While COVID-19 has naturally commanded everybody’s attention over the past year, much focus is now on how we are going to rebuild our economies and society. There is also a focus to understand the interlinks with our environment and ensure we build back better. 2021 could prove to be a pivotal year in the fight against climate change with COP26 taking place this autumn in Glasgow. It is already providing an opportunity to focus minds on the climate agenda, and to take stock of real estate’s progress on the road to net zero.
A webcast from BNP Paribas Real Estate earlier this year, produced in association with the Financial Times, featured Alexandra Basirov, global head of sustainable finance, FIC at BNP Paribas. “The shift to net zero is going to impact all areas of the economy,” she predicted, “but it’s particularly important for the built environment because the sector accounts for almost 40% of global emissions.” Current construction techniques embed huge amounts of carbon in the structure of buildings, while the day-to-day operation of buildings causes substantial carbon emissions, so the sector faces massive challenges. But Alexandra warned the sector would come under increasing scrutiny with many asset managers and asset owners committing to achieve net zero across their portfolios by 2050 or even earlier.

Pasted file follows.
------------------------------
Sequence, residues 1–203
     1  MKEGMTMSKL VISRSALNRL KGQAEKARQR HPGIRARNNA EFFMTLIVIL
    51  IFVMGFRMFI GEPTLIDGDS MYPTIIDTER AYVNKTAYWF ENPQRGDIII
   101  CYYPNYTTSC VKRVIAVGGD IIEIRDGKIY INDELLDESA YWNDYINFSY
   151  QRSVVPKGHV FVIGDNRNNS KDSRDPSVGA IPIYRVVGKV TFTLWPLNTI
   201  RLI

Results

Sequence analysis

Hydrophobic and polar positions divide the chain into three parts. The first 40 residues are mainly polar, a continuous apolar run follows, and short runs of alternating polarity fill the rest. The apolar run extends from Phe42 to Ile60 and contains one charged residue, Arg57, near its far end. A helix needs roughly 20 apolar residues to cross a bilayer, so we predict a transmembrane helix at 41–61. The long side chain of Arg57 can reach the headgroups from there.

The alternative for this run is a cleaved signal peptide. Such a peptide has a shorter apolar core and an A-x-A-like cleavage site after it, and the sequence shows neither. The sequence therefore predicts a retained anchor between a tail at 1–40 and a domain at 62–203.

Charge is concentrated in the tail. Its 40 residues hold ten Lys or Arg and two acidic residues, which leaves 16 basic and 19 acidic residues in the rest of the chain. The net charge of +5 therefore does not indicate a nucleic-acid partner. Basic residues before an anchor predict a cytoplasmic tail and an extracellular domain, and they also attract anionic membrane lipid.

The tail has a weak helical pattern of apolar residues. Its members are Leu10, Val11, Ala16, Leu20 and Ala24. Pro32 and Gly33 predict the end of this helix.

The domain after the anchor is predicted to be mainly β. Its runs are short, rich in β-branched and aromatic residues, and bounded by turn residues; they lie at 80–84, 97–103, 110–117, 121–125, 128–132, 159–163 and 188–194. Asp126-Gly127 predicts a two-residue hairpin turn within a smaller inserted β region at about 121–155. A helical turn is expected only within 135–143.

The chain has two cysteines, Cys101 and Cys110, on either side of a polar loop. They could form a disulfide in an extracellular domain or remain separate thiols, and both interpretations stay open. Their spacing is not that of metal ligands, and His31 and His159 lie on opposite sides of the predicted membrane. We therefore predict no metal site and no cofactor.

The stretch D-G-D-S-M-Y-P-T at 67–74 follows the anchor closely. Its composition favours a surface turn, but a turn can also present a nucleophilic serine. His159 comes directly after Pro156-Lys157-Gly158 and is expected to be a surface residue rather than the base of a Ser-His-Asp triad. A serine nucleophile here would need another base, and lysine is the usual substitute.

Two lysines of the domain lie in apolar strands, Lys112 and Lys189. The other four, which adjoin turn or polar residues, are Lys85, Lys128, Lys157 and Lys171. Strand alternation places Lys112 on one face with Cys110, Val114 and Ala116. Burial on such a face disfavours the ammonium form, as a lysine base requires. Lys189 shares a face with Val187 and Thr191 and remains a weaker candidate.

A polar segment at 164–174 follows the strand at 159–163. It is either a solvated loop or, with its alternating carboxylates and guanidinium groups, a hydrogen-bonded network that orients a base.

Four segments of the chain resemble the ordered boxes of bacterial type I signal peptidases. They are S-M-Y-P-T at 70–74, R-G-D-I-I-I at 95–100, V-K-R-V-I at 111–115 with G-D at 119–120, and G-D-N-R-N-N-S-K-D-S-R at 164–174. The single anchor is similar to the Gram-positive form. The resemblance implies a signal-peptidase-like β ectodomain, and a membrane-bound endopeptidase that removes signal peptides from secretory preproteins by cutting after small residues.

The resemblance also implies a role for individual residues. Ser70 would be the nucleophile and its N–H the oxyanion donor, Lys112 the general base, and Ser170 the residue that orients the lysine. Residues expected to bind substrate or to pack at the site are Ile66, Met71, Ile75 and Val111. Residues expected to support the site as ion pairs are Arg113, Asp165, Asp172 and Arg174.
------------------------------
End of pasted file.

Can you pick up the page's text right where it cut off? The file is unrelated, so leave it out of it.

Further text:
She highlighted that environmental factors will continue to be an increasingly important consideration when making real estate investments and investors will look at wider measures of performance from their assets. “Assets that fail to take these factors into consideration risk underperforming and even stranded, so there is a need for a greater understanding on the environmental impact, especially the carbon emissions, of the construction, operation and even end-of-life of properties” she said. She also mentioned regulation and policy will increasingly have a greater impact.
She highlighted the use of ‘green loans’ – or sustainable-linked loans – can be an effective mechanism for driving change. Lenders are increasingly using science-based indicators like BREEAM to measure a borrower’s success in reducing energy and water use for example, and can use these to link it to their financings. “Data gathering and monitoring will become increasingly important,” she added.
But sustainability is not only measured in environmental performance, and Alexandra said she expects a growing emphasis on social goals. “Investors are pledging to grow social value and wellbeing,” she said. “COVID-19 has highlighted the growing inequalities across society and the importance of health and wellbeing. Developers, building owners and occupiers recognise that they have a role to play in improving them.”
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